The new missile was introduced after a successful Operational Test & Evaluation (OT&E) campaign, dubbed “Blazing Shield”, that saw four Tornado ECR deploy to Naval Air Weapons Station China Lake, California, in April 2018, to undertake a series of tests and two live firing events. “Although we have received the new AGM-88E, the squadron retains a capability with the AGM-88B: we still maintain the Bravo version as it can be useful is certain scenarios. For this reason we train and fly with both types. For us, the missile is itself a sensor and this is the reason why we fly training missions usually carrying one or two AGM-88s”.

Although the training is role-specific, Tornado of both variants can fly with mixed aircrews if needed: for instance, a pilot from 155° Gruppo and a navigator from 154° Gruppo on a Tornado ECR or vice versa, thanks to the standardized training provided by the Operational Conversion Unit.

Although a phase-out date has not yet been officially confirmed, the Italian Air Force has already decided that the SEAD/DEAD mission will transition to the F-35A Lightning II when the Tornado ECR is retired.

In a typical cooperative SEAD mission, data collected and fused by the F-35 is passed to the Tornado ECR by means of Link 16. The AM puts a lot of effort into improving the integration between 4th and 5th gen. assets.

“The current weapon system still allows us to carry out our mission in an effective way. But we have already started operating jointly with the F-35, that is the future of the Air Force: some of our pilots have already completed the transition to the F-35 and this is important because we are this means that we are pouring some of our experience into the Lightning line.” It’s worth remembering that while it has the ability to locate and track enemy forces, until the AARGM-ER (Extended Range) is integrated on the type, the F-35 still lacks a missile for SEAD missions, although it can use various stand-off weapons, including the GBU-39 SDBs (Small Diameter Bombs) that can be carried inside the weapons bays, to attack ground targets itself. During the transition of the SEAD mission, 155° Gruppo and 13° Gruppo (the squadron that flies the F-35A of 32° Stormo out of Amendola AB) are exploring new ways to exploit the best capabilities both aircraft are able to make available to the Wild Weasel mission.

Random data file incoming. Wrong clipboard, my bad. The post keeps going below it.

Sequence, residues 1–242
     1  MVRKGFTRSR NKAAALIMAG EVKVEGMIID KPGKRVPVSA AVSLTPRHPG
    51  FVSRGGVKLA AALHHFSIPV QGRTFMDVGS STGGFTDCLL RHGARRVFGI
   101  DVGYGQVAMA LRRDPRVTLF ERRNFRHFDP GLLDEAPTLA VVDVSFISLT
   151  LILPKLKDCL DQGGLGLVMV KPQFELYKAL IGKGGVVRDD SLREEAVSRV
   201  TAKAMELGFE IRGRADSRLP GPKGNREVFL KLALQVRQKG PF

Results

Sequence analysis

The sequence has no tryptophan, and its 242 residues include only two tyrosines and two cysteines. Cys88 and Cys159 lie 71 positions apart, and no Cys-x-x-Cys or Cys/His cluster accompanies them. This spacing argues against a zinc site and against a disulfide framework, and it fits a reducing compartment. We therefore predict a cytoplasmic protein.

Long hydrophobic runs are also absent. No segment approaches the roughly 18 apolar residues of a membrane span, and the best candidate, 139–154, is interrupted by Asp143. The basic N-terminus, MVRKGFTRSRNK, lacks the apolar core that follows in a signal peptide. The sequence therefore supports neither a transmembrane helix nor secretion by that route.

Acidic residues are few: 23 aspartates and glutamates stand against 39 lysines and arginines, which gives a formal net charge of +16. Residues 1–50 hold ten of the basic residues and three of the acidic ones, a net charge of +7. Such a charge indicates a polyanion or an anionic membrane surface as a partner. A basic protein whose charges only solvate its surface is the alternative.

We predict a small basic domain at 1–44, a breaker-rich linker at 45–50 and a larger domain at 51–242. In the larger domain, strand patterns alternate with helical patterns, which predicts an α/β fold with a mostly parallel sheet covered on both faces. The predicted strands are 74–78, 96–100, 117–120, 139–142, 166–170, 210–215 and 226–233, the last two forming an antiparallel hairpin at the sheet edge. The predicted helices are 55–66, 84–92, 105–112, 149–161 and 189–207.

The Tornado ECRs of the 155° Gruppo regularly train alongside the 154° Gruppo, that flies the Tornado IDS in the attack role. Both units are assigned to the 6° Stormo at Ghedi Air Base, along with the 102° Gruppo OCU (Operational Conversion Unit).

More details about the 155° Gruppo can be found in the story by this Author “Italian Wild Weasels”, in the July 2022 issue of Combat Aircraft Journal, at newsagents now!

In order to see how the F-35 and the Tornado work together, we were given the opportunity to fly aboard a Tornado ECR during a SEAD mission that involved three Tornados (2 ECRs + 1 IDS) from Ghedi (callsigns PANTE 1-3) and two F-35A of the 13° Gruppo of the 32° Stormo from Amendola (FALCO 31-32). Here’s how it went.

Hunting radars with the Black Panthers

On Feb. 16, 2022 we flew a mission with the 155° Gruppo. The mission was planned to take place inside R48, a restricted airspace located above central Italy, more or less mid-way between the departure airbases of the “Tonkas” and the F-35 Lightnings that joined us to carry out a SEAD mission that could leverage the capabilities of both 4th and 5th generation aircraft. The take-off time was at 13.00Z (14.00LT) with a WALK to the aircraft at 12.00Z so we spent most of the morning in the planning of the mission that, unlike sorties flown with only local assets, also included a Secure Video Conference with the two F-35 pilots from Amendola AB to review the whole plan, including block levels, task sharing and safety measures. For instance, to ensure proper deconflictions, we were assigned block altitudes between FL130 and FL150 (with aircraft separated by 1,000 feet) whereas the F-35s were assigned the block FL160-180. The transit time to the operational area was about 30 minutes, then we had 30-45 minutes “play time” before the RTB phase (lasting another half an hour).